Governments cannot ban anti-abortion "sidewalk counselors" from a 35-foot buffer zone that includes the sidewalk in front of an abortion clinic unless the governments first have tried less restrictive methods of protecting women from face-to-face intimidation as they enter reproductive health facilities.
That's the decision of the U.S. Supreme Court, which unanimously struck down on Thursday a Massachusetts law creating a 35-foot buffer zone that included much of the sidewalk in front of a Boston abortion clinic that has been the focus of vigorous protests. The court said that the Massachusetts law violated the First Amendment because it was not tailored narrowly enough to restrict the least amount of speech.
But Chief Justice John G. Roberts Jr. and the four more liberal justices on the court left the way open for states and cities to enforce other laws that protect women from hostile, face-to-face confrontations. Roberts, who wrote the court's opinion, said that Boston could pass a law similar to the federal Freedom of Access to Clinic Entrances Act of 1994, which provides civil and criminal penalties for anyone who by force, threat or physical obstruction attempts to "intimidate or interfere" with a person seeking reproductive health services. Twelve states -- not including Missouri or Illinois -- have passed such bills.
Roberts wrote that Massachusetts also could follow the lead of New York City and make it a crime “to follow and harass another person within 15 feet of the premises of a reproductive health-care facility."
Justice Antonin Scalia angrily disagreed, saying all these laws suppress the speech of abortion opponents. "Today’s opinion carries forward this court’s practice of giving abortion-rights advocates a pass when it comes to suppressing the free-speech rights of their opponents. There is an entirely separate, abridged edition of the First Amendment applicable to speech against abortion."
NARAL, the abortion rights group, said the Supreme Court decision "puts women and health-care providers at greater risk." The sidewalk counselors who challenged the law said they could provide "loving" help to women unsure about whether to go ahead with an abortion. Phyllis Schlafly's Eagle Forum was one of the anti-abortion groups that had filed friend of the court briefs opposing the Massachusetts law.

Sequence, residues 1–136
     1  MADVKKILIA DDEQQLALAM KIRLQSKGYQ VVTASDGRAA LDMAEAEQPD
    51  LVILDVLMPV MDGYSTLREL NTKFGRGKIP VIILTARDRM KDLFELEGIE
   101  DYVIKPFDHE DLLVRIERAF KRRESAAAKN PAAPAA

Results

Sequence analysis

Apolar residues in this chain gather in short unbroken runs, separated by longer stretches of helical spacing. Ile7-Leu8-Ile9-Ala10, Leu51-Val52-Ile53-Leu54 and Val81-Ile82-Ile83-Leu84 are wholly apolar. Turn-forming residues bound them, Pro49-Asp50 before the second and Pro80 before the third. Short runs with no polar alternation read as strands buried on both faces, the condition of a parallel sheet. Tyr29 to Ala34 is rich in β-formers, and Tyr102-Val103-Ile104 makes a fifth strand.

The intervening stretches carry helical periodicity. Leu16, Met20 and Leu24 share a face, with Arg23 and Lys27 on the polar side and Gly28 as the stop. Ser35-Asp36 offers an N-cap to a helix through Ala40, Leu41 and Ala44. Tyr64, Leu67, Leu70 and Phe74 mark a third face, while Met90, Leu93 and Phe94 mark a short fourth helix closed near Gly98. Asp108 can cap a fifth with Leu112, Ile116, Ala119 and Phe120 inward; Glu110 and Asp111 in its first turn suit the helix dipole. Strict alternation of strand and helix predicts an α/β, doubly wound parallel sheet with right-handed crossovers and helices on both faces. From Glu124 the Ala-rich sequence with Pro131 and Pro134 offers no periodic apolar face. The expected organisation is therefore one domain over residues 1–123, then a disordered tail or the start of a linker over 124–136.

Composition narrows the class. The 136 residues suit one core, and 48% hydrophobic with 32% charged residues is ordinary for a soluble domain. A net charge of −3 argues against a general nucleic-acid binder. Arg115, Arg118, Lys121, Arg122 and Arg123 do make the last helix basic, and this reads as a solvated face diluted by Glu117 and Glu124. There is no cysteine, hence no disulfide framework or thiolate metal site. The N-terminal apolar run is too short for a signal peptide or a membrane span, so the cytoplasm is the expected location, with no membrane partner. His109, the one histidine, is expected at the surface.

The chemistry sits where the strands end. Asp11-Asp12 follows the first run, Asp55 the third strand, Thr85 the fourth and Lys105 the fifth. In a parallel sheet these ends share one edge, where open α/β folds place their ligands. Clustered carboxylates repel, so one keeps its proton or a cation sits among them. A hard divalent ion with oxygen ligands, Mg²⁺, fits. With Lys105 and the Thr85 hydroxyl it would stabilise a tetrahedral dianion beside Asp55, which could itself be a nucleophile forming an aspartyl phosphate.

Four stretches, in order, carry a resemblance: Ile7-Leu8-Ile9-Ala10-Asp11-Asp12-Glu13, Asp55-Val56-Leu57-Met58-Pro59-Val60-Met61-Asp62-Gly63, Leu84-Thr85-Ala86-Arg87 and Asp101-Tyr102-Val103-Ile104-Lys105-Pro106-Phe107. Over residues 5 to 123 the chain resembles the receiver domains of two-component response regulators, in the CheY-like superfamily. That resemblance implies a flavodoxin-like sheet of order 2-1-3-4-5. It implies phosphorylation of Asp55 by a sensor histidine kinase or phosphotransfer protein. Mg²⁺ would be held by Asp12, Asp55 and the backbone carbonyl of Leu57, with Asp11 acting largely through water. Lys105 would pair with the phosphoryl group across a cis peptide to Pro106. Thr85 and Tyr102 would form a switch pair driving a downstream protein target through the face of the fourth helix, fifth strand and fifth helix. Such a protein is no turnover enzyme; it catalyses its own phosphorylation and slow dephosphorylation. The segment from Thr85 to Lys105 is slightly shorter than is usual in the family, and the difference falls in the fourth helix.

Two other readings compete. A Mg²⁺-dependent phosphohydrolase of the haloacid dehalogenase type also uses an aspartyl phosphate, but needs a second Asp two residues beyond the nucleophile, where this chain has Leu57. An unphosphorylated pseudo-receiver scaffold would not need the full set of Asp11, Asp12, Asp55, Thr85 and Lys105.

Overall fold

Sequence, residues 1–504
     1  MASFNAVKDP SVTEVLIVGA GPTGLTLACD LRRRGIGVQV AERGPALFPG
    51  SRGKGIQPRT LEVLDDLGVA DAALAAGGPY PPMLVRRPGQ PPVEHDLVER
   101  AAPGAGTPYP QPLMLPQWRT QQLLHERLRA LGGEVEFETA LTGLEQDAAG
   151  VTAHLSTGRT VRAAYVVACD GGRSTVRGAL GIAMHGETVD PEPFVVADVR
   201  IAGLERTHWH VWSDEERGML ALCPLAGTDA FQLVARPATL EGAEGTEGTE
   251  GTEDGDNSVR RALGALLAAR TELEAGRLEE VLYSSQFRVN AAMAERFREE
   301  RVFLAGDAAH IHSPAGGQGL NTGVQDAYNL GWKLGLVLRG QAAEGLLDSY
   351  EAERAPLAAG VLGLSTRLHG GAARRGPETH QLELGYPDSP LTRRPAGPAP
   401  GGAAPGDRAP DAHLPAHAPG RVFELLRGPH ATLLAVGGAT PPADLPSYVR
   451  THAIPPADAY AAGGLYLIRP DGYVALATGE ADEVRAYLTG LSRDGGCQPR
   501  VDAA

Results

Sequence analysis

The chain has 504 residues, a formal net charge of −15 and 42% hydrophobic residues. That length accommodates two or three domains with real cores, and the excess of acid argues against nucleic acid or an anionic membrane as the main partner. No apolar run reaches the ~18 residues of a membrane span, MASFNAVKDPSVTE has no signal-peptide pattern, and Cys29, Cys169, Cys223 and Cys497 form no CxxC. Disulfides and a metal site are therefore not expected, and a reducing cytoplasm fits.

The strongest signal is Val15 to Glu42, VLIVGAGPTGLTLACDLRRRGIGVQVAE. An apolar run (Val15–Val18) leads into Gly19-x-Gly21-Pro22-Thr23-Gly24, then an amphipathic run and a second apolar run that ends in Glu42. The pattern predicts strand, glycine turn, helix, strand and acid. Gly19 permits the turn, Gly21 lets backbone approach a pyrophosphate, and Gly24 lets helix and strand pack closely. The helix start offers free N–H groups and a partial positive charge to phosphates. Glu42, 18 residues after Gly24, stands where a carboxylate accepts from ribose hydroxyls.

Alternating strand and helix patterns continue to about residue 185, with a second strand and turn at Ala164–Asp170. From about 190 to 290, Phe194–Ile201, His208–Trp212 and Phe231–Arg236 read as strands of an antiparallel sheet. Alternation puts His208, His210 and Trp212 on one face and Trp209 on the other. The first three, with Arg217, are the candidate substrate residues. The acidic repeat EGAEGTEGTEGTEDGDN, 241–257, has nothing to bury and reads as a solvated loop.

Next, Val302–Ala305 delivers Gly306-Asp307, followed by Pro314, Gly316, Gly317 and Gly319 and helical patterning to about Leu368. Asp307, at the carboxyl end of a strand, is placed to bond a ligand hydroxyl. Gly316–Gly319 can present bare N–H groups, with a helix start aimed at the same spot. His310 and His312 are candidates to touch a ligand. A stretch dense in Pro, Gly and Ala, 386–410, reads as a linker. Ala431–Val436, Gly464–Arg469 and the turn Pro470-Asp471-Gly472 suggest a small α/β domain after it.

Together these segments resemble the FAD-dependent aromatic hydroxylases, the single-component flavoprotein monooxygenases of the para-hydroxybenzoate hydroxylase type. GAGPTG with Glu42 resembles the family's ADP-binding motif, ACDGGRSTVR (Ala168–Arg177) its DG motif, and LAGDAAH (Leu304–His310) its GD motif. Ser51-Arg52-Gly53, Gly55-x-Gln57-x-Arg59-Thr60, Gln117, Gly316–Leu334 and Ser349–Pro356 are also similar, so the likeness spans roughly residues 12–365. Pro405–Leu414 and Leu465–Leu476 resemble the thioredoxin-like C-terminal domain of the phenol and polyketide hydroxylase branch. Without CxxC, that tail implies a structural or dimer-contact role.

In 2000, the Supreme Court upheld a Colorado law that made it illegal for a protester within 100 feet of an abortion facility to approach within eight feet of a woman in an attempt to pass out a leaflet opposing abortion. That same year, Massachusetts enacted a similar law that barred protesters within an 18-foot radius of the clinic from approaching within six feet of a woman to urge them not to have an abortion. Two people had been killed and five others wounded at abortion clinic attacks in the state in 1994.
Massachusetts found that the six-foot ban was unenforceable. So, in 2007 it passed a law making it a crime to be within a radius of 35 feet from an entrance, exit or driveway of a reproductive health facility. There were exceptions, however, for clinic personnel and others who needed to enter the facility as part of their job. This is the law that the Supreme Court struck down.
When the court agreed to last fall to hear the case, it indicated it would consider limiting or overturning its 2000 Colorado precedent, which has been the subject of sharp criticism from even more liberal constitutional scholars like Laurence H. Tribe of Harvard Law School. But the Colorado precedent was not overturned by the court, even though Scalia would have thrown it out.
Levels of scrutiny